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Quiz about Lady Lazarus
Quiz about Lady Lazarus

Lady Lazarus Trivia Quiz


All the women featured in this match quiz (inspired by Sylvia Plath's poem of the same title) managed to beat difficult odds at some point in their lives, rising from the ashes like the phoenix mentioned at the end of the poem.

A matching quiz by LadyNym. Estimated time: 4 mins.
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Author
LadyNym
Time
4 mins
Type
Match Quiz
Quiz #
384,632
Updated
Dec 03 21
# Qns
10
Difficulty
Very Easy
Avg Score
9 / 10
Plays
1245
Awards
Top 5% quiz!
Last 3 plays: daveguth (10/10), Guest 86 (3/10), Guest 42 (2/10).
(a) Drag-and-drop from the right to the left, or (b) click on a right side answer box and then on a left side box to move it.
QuestionsChoices
1. Raped at the age of 17, then subjected to a harrowing trial, this talented lady became one of her age's foremost painters  
  Marie Curie
2. After losing her right leg to gangrene, this charismatic thespian continued acting well into her old age  
  Maya Angelou
3. In spite of multiple health problems and a domineering father, this lady became a celebrated poet, and was able to marry the man she loved.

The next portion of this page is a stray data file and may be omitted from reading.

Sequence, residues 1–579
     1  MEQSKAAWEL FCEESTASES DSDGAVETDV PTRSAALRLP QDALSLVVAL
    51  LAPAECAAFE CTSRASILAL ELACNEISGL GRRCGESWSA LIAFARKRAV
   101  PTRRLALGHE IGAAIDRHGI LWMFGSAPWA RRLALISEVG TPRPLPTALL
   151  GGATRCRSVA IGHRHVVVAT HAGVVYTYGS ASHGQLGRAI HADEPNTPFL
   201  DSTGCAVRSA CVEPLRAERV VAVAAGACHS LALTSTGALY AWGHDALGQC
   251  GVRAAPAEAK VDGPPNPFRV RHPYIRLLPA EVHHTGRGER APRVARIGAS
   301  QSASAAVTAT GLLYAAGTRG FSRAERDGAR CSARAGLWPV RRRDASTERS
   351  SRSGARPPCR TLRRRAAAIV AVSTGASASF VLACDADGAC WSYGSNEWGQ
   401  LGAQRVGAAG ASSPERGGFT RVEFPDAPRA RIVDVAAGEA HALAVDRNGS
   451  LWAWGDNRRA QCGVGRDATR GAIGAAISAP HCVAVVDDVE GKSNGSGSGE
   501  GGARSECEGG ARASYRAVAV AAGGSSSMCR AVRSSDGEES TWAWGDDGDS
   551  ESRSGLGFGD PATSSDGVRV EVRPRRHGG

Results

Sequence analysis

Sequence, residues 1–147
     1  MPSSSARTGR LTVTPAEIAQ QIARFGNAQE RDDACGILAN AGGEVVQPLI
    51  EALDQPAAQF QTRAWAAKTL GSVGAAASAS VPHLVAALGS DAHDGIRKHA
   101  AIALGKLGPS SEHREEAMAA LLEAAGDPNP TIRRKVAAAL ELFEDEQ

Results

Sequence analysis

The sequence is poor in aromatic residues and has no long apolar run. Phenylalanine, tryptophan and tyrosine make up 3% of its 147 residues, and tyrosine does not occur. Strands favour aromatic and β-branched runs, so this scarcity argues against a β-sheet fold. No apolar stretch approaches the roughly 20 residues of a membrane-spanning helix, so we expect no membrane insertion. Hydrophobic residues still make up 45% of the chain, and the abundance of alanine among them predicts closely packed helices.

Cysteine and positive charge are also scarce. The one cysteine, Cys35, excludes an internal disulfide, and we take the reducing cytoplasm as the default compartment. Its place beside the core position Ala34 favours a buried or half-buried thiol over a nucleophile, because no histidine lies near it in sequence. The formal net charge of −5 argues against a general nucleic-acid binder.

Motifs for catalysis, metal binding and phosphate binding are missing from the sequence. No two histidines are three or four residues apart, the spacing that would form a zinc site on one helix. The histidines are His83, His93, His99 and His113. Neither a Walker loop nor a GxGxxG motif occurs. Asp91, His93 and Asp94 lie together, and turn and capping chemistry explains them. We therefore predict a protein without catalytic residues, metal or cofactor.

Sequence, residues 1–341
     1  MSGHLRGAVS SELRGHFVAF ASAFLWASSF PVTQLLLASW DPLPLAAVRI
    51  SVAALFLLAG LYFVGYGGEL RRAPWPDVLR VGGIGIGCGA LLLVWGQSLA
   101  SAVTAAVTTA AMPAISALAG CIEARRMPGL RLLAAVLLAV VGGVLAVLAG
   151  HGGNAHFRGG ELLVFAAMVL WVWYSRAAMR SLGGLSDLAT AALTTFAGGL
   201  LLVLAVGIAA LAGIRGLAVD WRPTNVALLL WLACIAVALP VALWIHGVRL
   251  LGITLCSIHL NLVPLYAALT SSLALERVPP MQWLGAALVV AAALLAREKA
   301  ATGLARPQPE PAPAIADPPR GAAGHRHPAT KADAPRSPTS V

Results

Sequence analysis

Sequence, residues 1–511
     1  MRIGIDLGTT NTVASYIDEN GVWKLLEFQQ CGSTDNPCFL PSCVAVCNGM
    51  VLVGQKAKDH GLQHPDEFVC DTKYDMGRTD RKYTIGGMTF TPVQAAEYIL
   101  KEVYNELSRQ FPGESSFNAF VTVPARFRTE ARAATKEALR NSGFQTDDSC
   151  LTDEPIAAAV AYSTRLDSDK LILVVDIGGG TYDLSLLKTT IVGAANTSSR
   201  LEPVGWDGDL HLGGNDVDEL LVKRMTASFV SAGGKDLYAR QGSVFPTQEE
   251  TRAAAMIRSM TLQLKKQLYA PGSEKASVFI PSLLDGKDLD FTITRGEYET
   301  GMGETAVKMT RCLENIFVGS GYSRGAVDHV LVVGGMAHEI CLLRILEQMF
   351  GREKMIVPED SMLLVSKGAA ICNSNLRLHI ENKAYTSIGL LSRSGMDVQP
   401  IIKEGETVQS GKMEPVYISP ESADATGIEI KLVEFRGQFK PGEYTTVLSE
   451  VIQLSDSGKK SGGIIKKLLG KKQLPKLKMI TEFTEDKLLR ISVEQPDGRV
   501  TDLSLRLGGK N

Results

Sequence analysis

Eleanor Roosevelt
4. From prostitute to empress, this beautiful, intelligent lady lived the archetypal rags-to-riches story  
  Elizabeth I
5. Though as a child she was told she would never walk again, this tough lady became a world-class runner  
  Elizabeth Barrett Browning
6. Before she became a celebrated actress and fashion icon, this elfin beauty experienced illness and severe malnutrition during WWII  
  Audrey Hepburn
7. Though devastated by her husband's untimely death, this smart lady went on to reap the rewards of her groundbreaking scientific research  
  Theodora of Byzantium
8. After losing both her parents as a child, this brave, outspoken lady, who became an icon of human rights, had a somewhat difficult marriage with a distant relative.  
  Sarah Bernhardt
9. Declared a bastard, imprisoned and threatened with death, this strong-willed lady went on to become one of the most famous rulers in history  
  Wilma Rudolph
10. This great African-American writer and activist was sexually abused as a child, and for several years was unable to speak  
  Artemisia Gentileschi





Select each answer

1. Raped at the age of 17, then subjected to a harrowing trial, this talented lady became one of her age's foremost painters
2. After losing her right leg to gangrene, this charismatic thespian continued acting well into her old age
3. In spite of multiple health problems and a domineering father, this lady became a celebrated poet, and was able to marry the man she loved.
4. From prostitute to empress, this beautiful, intelligent lady lived the archetypal rags-to-riches story
5. Though as a child she was told she would never walk again, this tough lady became a world-class runner